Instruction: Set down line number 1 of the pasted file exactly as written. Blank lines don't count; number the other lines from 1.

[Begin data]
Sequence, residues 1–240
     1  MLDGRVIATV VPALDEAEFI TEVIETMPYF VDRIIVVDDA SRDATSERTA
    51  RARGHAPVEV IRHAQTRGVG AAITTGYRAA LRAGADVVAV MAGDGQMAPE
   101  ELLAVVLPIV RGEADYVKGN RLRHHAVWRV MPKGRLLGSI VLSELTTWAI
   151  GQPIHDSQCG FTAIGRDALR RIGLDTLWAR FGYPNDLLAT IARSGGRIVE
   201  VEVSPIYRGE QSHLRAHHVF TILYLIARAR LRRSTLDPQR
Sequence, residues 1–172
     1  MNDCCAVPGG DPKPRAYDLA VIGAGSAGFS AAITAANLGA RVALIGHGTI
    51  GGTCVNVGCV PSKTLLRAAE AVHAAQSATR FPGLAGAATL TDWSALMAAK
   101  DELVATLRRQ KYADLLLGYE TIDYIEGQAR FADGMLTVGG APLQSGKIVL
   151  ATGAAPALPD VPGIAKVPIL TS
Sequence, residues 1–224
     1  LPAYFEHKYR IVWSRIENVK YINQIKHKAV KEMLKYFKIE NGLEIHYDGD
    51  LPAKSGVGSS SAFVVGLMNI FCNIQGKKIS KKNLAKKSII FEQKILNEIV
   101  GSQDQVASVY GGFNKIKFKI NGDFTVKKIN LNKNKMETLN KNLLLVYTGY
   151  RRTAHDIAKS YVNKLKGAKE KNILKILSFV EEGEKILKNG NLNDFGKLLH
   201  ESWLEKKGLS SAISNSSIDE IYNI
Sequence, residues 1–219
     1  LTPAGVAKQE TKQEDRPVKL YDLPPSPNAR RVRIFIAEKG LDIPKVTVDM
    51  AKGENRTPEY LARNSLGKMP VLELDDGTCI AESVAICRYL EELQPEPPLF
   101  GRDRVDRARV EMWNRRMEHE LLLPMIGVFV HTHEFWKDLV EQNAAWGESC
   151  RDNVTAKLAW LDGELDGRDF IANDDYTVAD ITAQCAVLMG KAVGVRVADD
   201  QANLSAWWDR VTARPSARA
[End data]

Sequence, residues 1–240